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Posted: Monday September 28, 2009 2:39PM; Updated: Monday September 28, 2009 3:01PM
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INSIDE THE NFL

Bus Stops (cont.)

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jim-zorn.jpg
Jim Zorn is 9-10 since taking over as the Redskins coach prior to the 2008 season.
Getty Images

The Redskins are playing uninspired football, and that blame falls to Jim Zorn. Whether they're prepared -- and that's the other half of Zorn's job -- is unclear. But it seems to me this guy just doesn't have the ability to get his team up to play. It's the most obvious thing in the world on TV. They don't look inspired. They're constantly underachieving.

This is a team that's gone relatively unchanged on offense the past few years -- the same team that was in the playoffs two years ago and that won six of seven games at one point last year. We know how good this team can be. So Daniel Snyder has to look at this guy and ask: Is this guy better off as an offensive coordinator? Or is he really a head coach?

If not, there are plenty out there. I think Bill Cowher will definitely be among the guys who get a look if things don't work out, but I don't know how that fit works given how Snyder handled Bill's mentor, Marty Schottenheimer. He ran Schottenheimer out of town.

Here's the pick that I think makes sense: Arizona's offensive line coach and one of the original hogs, Russ Grimm.

It was great to see the payoff of the Jim Schwartz hire yesterday, changing the culture in Detroit. Being from the area, I've always followed the Lions, but I've been frustrated by the way they've chosen their coaches -- I've never really seen the right guy for the job come in. I think there's something to be said about hiring a defensive coach to revive a franchise. I know Rod Marinelli didn't work out, but I like defensive coaches in a situation like this. Guys like Bill Belichick, Mike Tomlin, Lovie Smith and Rex Ryan bring a tougher mentality. If I'm a GM and I'm trying to revive a franchise, a defensive coach is the way I'd go. They're mindset-changers and that's what Detroit needed. My hat's off to Schwartz.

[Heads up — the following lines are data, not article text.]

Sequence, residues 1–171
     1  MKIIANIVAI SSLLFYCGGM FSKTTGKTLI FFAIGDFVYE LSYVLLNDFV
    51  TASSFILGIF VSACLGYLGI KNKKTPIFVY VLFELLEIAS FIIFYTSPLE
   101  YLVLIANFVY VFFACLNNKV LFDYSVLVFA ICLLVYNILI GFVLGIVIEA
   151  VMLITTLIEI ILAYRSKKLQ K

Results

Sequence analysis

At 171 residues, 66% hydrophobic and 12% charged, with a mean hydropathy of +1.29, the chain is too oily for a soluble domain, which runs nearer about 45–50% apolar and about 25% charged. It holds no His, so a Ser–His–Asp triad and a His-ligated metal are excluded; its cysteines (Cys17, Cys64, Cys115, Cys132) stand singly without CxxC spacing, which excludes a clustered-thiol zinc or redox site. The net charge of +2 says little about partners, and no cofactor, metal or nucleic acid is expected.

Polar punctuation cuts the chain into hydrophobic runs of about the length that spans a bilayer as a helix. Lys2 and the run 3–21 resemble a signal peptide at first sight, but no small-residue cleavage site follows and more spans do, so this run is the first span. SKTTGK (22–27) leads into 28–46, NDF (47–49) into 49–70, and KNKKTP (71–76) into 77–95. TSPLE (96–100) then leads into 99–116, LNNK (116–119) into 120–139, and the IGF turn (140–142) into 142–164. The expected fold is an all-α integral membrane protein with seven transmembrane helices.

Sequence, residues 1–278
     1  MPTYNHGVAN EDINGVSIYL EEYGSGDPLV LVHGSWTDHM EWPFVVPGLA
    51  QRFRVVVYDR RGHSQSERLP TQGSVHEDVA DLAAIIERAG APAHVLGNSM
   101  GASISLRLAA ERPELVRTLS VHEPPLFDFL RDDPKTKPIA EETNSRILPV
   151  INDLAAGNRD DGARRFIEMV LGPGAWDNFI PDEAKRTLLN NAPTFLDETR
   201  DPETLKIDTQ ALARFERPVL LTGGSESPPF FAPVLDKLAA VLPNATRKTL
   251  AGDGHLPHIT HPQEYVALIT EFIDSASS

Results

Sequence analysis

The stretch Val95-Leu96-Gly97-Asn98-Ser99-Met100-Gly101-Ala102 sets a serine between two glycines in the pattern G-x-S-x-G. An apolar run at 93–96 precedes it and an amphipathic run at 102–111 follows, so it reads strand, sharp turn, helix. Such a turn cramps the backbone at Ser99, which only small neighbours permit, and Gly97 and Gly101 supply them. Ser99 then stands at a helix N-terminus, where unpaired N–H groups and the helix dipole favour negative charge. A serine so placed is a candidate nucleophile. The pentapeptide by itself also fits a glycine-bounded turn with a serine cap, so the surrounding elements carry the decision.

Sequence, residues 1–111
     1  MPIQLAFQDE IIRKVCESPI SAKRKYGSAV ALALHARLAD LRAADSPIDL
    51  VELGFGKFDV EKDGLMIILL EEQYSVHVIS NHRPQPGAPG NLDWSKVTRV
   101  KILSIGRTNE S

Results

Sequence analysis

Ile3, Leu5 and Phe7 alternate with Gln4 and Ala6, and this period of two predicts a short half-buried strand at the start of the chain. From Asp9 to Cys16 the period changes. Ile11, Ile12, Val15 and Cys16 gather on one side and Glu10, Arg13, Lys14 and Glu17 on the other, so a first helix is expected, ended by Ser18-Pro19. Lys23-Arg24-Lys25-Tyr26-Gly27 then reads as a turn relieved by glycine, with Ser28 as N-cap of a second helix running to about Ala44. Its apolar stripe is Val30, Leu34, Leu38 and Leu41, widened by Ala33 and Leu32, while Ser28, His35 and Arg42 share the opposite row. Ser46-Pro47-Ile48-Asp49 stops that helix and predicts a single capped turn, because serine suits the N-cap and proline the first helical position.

Here's Detroit's next problem: getting people in those seats so their hometown fans can see them on TV. It's not going to be easy, even if they're winning. Given how hard this town has been hit by the mortgage crisis and the automotive industry's struggles, I think Roger Goodell really has to consider a different approach to the blackout rule here. In this economy we can't have such a hard line. What happens on Thanksgiving Day? Can you imagine Thanksgiving in Detroit without the Lions on TV?

A few more quick thoughts...

-- I think that Steelers-Bengals game said more about Cincinnati than it did Pittsburgh. The Bengals ran the ball effectively, Palmer played well and, more importantly, they finished. The Bengals teams I knew pretty much blew it at the end of these close games. Yesterday they found a way to win, and that's a major change for the franchise. It's the sign of a pretty good football team.

For the Steelers, the scary thing coming out of this game is the evident strength of the AFC North. What a strong division all of a sudden.

-- The Raiders are a bad football team; that's obvious. Rich Gannon, who calls games for CBS, is not telling secrets when he says so. So for them to try to keep him out of their complex for badmouthing them is just insane; it shows a total lack of class. A classy organization rolls with the punches. They take the knocks that come with a bad game or a bad season. Ben Roethlisberger has shrugged off my comments before. He's said he "laughs" in the face of his critics, including me. Willie Parker has shrugged me off, too. I understand that. I applaud it. That tells you something about the differences in those two franchises.

-- Marcus Fitzgerald: why does anyone care what you say? Why are you tweeting? Larry, you've got to take away your brother's cell phone or his Twitter account.

-- Here's what I saw in that late Colts-Cardinals game: Arizona is still very much capable of being blown out by any team on any given Sunday. Nothing's changed.

-- Before we criticize, let's try to understand Terrell Owens' frustration. His team's not winning, and he's not getting the football. Any player who's had T.O.'s success is going to be upset in this situation. Isn't that what we want in a player -- we want guys who want to make plays, right? Terrell could have been very reckless and he could have blasted his coaches last night, but he didn't. He's getting more and more frustrated, but why are we surprised?

-- A word to Bucs coach Raheem Morris: You live and die by the first-round quarterbacks you draft. You took Josh Freeman. Your team is certainly going to get worse before it gets better. So get that rookie in there now, or you're not going to be around to see it when he does develop. More young coaches need to get that point. If you're 4-12 or 7-9 in Year One, what does it matter? Those three extra wins you might get by playing Byron Leftwich or Josh Johnson won't save your job.

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